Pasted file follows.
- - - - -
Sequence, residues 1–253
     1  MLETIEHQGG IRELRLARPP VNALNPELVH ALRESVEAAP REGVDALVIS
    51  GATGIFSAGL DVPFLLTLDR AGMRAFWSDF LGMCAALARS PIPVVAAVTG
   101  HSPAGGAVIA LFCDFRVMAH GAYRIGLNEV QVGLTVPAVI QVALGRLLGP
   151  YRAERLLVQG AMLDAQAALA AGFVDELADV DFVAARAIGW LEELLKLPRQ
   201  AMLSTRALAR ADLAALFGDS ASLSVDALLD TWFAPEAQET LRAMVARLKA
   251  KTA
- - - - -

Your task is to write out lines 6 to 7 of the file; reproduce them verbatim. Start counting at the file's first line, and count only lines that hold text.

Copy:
   201  AMLSTRALAR ADLAALFGDS ASLSVDALLD TWFAPEAQET LRAMVARLKA
   251  KTA